DETAILED DESCRIPTION OF THE INVENTION

As will be appreciated by one of skill in the art, the present invention may be embodied as a method, system, or computer program product. Accordingly, the present invention may take the form of an entirely hardware embodiment, an entirely software embodiment (including firmware, resident software, micro-code, etc.) or an embodiment combining software and hardware aspects all generally referred to herein as a “circuit” or “module.” Furthermore, the present invention may take the form of a computer program product on a computer-usable storage medium having computer-usable program code embodied in the medium.

Any suitable computer readable medium may be utilized. The computer-usable or computer-readable medium may be, for example but not limited to, an electronic, magnetic, optical, electromagnetic, infrared, or semiconductor system, apparatus, device, or propagation medium. More specific examples (a nonexhaustive list) of the computer-readable medium would include the following: an electrical connection having one or more wires, a portable computer diskette, a hard disk, a random access memory (RAM), a read-only memory (ROM), an erasable programmable read-only memory (EPROM or Flash memory), an optical fiber, a portable compact disc read-only memory (CD-ROM), an optical storage device, a transmission media such as those supporting the Internet or an intranet, or a magnetic storage device. Note that the computer-usable or computer-readable medium could even be paper or another suitable medium upon which the program is printed, as the program can be electronically captured, via, for instance, optical scanning of the paper or other medium, then compiled, interpreted, or otherwise processed in a suitable manner, if necessary, and then stored in a computer memory. In the context of this document, a computer-usable or computer-readable medium may be any medium that can contain, store, communicate, propagate, or transport the program for use by or in connection with the instruction execution system, apparatus, or device.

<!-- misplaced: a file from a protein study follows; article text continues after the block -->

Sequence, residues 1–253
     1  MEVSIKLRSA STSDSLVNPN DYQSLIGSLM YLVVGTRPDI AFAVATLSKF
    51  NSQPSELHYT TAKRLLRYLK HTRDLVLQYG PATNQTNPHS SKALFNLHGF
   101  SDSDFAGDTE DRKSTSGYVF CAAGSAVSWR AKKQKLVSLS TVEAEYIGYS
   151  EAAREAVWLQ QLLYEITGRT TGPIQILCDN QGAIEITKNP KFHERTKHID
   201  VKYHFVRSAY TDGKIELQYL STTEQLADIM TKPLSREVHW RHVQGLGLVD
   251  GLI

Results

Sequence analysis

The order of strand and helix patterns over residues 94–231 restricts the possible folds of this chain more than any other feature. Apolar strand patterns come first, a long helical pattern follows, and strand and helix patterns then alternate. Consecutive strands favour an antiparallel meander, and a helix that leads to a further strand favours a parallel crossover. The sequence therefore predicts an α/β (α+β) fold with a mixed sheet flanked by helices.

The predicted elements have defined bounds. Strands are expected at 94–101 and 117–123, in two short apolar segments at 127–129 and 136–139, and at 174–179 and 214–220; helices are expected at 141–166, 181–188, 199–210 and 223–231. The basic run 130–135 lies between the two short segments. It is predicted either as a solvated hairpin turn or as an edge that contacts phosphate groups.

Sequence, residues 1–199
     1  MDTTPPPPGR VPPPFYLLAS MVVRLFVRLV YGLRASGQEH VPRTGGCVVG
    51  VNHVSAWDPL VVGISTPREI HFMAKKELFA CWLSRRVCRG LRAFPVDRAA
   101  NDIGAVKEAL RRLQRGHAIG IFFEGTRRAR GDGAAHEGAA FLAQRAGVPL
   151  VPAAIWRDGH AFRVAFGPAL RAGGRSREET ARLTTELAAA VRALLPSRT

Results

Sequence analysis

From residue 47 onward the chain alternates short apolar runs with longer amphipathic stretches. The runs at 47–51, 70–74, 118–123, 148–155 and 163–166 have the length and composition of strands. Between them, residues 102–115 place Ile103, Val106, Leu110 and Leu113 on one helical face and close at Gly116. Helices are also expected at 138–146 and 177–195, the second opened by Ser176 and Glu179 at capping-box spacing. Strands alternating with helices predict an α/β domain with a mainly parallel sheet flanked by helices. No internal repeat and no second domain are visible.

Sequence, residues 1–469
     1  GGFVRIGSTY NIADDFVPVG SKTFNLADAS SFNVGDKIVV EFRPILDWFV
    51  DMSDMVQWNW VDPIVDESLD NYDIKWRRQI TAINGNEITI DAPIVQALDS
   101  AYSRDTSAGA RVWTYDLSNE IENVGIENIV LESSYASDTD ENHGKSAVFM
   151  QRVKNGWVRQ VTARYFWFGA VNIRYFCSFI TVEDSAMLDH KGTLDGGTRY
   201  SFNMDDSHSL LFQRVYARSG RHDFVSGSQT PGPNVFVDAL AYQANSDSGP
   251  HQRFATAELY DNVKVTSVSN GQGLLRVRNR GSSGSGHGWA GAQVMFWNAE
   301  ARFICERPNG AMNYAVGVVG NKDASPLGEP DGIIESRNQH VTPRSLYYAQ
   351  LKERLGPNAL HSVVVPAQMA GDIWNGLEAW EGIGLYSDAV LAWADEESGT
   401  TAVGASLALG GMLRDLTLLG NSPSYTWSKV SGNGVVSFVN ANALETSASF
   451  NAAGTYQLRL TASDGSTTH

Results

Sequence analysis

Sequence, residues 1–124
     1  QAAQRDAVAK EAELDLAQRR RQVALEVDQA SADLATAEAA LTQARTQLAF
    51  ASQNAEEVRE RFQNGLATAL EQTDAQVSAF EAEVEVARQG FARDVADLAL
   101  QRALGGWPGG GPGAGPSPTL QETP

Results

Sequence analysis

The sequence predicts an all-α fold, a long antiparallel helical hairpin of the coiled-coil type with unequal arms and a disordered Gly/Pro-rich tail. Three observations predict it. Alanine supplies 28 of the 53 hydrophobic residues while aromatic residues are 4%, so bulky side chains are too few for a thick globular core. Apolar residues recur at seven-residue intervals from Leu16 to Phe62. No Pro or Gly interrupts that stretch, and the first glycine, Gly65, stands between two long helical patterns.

Computer program code for carrying out operations of the present invention may be written in an object oriented programming language such as Java7, Smalltalk or C++. However, the computer program code for carrying out operations of the present invention may also be written in conventional procedural programming languages, such as the “C” programming language. The program code may execute entirely on the user's computer, partly on the user's computer, as a stand-alone software package, partly on the user's computer and partly on a remote computer or entirely on the remote computer. In the latter scenario, the remote computer may be connected to the user's computer through a local area network (LAN) or a wide area network (WAN), or the connection may be made to an external computer (for example, through the Internet using an Internet Service Provider).

The present invention is described below with reference to flowchart illustrations and/or block diagrams of methods, apparatus (systems) and computer program products according to embodiments of the invention. It will be understood that each block of the flowchart illustrations and/or block diagrams, and combinations of blocks in the flowchart illustrations and/or block diagrams, can be implemented by computer program instructions. These computer program instructions may be provided to a processor of a general purpose computer, special purpose computer, or other programmable data processing apparatus to produce a machine, such that the instructions, which execute via the processor of the computer or other programmable data processing apparatus, create means for implementing the functions/acts specified in the flowchart and/or block diagram block or blocks.